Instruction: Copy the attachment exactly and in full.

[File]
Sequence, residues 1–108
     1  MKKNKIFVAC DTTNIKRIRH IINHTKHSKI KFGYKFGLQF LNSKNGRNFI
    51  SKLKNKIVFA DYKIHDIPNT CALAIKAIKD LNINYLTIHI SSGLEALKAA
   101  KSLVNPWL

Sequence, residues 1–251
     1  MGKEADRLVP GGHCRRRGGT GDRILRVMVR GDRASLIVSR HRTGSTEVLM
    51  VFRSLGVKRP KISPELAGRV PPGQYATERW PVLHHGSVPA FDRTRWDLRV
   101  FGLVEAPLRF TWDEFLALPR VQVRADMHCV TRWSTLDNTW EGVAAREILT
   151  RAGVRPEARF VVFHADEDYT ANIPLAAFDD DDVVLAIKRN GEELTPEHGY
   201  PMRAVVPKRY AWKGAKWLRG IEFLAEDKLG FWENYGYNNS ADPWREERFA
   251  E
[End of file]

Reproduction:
Sequence, residues 1–108
     1  MKKNKIFVAC DTTNIKRIRH IINHTKHSKI KFGYKFGLQF LNSKNGRNFI
    51  SKLKNKIVFA DYKIHDIPNT CALAIKAIKD LNINYLTIHI SSGLEALKAA
   101  KSLVNPWL

Sequence, residues 1–251
     1  MGKEADRLVP GGHCRRRGGT GDRILRVMVR GDRASLIVSR HRTGSTEVLM
    51  VFRSLGVKRP KISPELAGRV PPGQYATERW PVLHHGSVPA FDRTRWDLRV
   101  FGLVEAPLRF TWDEFLALPR VQVRADMHCV TRWSTLDNTW EGVAAREILT
   151  RAGVRPEARF VVFHADEDYT ANIPLAAFDD DDVVLAIKRN GEELTPEHGY
   201  PMRAVVPKRY AWKGAKWLRG IEFLAEDKLG FWENYGYNNS ADPWREERFA
   251  E